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Obtaining the complex optical constants n and k via quantitative absorption measurements in KBr pellets
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Paper Abstract

Reflectance (emittance) spectroscopy, especially at infrared wavelengths, continues to grow in utility as an analytical technique for contact, standoff, and remote sensing. The reflectance spectra of solids, however, are complex, depending on many parameters, even for the same material. Granule or powder particle size, crystal morphology, layer thickness, and substrate material all affect the spectral distribution of reflected light. However, such phenomena can all be modeled if the optical constants n(ν) and k(ν) are available. If the quantitative absorption coefficient K(ν) is known, the k value can be obtained via the relation k(ν) = 2.303K(ν)/4πν. The absorption coefficient can in turn be derived from a simple KBrpellet infrared absorption measurement, provided the pellet mass ratio is prepared quantitatively. The method requires the pellet’s mass and diameter, along with the analyte mass fraction and density. In this paper we demonstrate the requisite experimental details in preparing the pellets, as well as methods to reduce light scattering in order to obtain more quantitative values. Theoretical methods to derive the related optical constants will also be detailed, in particular the assumptions used to obtain the scalar refractive index n. Ideally, this value is known or measured separately, but in some cases we have found that it can be approximated (first approximation) for most organic chemicals by n~1.5 at the shortest wavelength. The results are presented for a couple of species.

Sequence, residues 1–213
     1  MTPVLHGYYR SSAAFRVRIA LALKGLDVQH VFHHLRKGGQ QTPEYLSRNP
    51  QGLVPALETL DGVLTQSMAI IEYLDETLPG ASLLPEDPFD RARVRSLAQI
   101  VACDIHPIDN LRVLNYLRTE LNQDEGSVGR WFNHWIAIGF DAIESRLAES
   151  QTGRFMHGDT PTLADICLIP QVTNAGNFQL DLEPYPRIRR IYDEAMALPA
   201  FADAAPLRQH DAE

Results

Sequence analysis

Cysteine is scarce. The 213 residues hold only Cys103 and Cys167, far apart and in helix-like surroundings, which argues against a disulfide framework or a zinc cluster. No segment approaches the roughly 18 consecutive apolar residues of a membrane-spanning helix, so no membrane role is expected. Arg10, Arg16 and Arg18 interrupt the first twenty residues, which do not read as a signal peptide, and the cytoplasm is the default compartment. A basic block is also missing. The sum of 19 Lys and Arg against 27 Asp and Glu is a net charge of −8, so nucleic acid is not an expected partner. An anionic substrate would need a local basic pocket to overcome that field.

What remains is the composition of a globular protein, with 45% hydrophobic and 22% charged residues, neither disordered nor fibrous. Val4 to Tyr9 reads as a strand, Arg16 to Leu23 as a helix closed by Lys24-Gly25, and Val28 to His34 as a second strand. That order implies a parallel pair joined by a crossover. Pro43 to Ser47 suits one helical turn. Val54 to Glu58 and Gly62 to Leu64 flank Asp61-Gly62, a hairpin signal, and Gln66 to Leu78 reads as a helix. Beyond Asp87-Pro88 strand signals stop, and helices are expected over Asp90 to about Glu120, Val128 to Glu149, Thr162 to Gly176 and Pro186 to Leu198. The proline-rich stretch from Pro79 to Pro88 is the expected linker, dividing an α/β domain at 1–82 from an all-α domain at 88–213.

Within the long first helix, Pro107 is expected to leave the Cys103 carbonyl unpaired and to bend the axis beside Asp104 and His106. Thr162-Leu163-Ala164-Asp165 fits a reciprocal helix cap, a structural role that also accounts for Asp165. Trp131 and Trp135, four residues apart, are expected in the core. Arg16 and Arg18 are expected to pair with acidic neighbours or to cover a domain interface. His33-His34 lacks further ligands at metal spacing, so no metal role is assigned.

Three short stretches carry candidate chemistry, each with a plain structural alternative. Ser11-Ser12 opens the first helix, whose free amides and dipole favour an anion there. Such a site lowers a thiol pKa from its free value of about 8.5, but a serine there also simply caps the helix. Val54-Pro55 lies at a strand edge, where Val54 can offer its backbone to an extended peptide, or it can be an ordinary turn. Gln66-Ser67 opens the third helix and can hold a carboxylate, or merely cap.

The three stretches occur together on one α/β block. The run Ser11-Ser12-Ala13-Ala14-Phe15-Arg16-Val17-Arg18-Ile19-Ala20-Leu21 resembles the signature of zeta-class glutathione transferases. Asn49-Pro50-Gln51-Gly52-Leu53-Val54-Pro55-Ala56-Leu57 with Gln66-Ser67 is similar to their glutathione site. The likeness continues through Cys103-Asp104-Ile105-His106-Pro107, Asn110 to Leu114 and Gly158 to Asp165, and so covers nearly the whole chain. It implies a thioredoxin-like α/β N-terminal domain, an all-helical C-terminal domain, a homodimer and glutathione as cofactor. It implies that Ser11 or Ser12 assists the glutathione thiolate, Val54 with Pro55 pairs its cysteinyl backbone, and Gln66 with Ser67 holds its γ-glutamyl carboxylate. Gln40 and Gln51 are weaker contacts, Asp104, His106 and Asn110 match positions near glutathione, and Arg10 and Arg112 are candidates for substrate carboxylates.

Paper Details

Date Published: 17 May 2019
PDF: 7 pages
Proc. SPIE 11010, Chemical, Biological, Radiological, Nuclear, and Explosives (CBRNE) Sensing XX, 110100M (17 May 2019); doi: 10.1117/12.2519503
Show Author Affiliations
T. L. Myers, Pacific Northwest National Lab. (United States)
R. M. Francis, Pacific Northwest National Lab. (United States)
C. A. Banach, Pacific Northwest National Lab. (United States)
S. D. Burton, Pacific Northwest National Lab. (United States)
A. M. Oeck, Pacific Northwest National Lab. (United States)
T. J. Johnson, Pacific Northwest National Lab. (United States)
R. Furstenberg, U.S. Naval Research Lab. (United States)
C. A. Kendziora, U.S. Naval Research Lab. (United States)


Published in SPIE Proceedings Vol. 11010:
Chemical, Biological, Radiological, Nuclear, and Explosives (CBRNE) Sensing XX
Jason A. Guicheteau; Chris R. Howle, Editor(s)

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